This week the Peace Boat US interns participated in an educational tour of the United Nations to learn about the history of the organization and their current projects for international peace and sustainability. While on the tour, they saw areas of the UN such as the Council Chambers for the Security Council, the Trusteeship Council, the Economic and Social Council, and the General Assembly Chamber, along with the Hall for Disarmament, exhibits on the Universal Declaration of Human Rights and Peacekeeping Missions, and a short talk on the UN Sustainable Development Goals.
Here are a few of their impressions about the UN Tour:
“I thoroughly enjoyed the entire tour and loved the experience of getting to see the Council Chambers. In particular, I found the Wall Exhibition on the Universal Declaration of Human Rights especially moving and beautiful. Even though I knew about the UDHR, written in 1948 by a committee headed by Eleanor Roosevelt, and knew several of the articles, it was still moving to see such a beautiful and conspicuous display devoted to them. It was both sad and uplifting to read the articles again, knowing that as a world we have come so far and yet still have so far to go to achieve universal human rights.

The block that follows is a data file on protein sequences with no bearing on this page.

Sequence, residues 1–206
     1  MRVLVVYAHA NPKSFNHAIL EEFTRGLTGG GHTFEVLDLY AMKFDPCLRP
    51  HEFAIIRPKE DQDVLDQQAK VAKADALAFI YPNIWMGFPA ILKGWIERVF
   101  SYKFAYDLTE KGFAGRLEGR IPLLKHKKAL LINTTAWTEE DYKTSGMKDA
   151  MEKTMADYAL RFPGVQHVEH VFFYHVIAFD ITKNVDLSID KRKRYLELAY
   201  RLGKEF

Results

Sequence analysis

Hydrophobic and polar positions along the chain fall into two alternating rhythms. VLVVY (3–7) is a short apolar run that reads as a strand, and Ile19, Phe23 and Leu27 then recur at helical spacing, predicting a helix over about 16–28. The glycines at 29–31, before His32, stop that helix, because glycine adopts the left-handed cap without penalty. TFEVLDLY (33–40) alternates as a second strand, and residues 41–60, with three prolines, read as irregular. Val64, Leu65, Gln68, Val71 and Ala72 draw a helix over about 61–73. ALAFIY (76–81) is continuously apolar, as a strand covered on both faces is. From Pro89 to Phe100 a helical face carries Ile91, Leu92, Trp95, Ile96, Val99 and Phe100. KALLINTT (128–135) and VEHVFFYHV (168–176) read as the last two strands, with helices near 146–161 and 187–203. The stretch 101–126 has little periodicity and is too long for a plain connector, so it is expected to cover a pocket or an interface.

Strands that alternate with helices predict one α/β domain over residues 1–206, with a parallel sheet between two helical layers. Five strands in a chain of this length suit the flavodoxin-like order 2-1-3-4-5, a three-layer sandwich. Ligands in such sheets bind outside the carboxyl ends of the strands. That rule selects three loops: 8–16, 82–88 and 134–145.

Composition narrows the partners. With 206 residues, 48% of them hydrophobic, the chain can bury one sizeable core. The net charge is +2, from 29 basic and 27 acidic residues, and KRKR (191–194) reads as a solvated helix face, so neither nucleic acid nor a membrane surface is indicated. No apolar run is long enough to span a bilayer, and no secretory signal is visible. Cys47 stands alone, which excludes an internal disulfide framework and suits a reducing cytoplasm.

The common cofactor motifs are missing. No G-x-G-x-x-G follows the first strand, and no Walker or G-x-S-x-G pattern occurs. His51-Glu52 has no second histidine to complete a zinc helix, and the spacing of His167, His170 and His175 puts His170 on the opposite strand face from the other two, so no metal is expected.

Two articles that seemed particularly relevant to me in today’s political climate were Article 14, about how all people have the right to seek asylum in another country if they are being persecuted in their own, and Article 25, concerning how everyone has the right to an adequate standard of living for themselves and their family ‘including food, clothing, housing and medical care and necessary social services, and the right to security in the event of unemployment, sickness, disability, widowhood, old age or other lack of livelihood in circumstances beyond his control.’ In times when these and other rights expressed in the Declaration are being threatened in various ways, it is our duty to protect and advance the implementation of them instead. There has been an enormous amount of progress towards achieving the goals stated in the Declaration since it was written in 1948, especially in the realms of education, healthcare, and the elimination of discrimination. However there are still so many people denied the rights set forth in the document, such as the right to affordable and quality education and the right to have an adequate standard of living for the health and well-being of themselves and their families, and it just illustrates how much we still need to do.”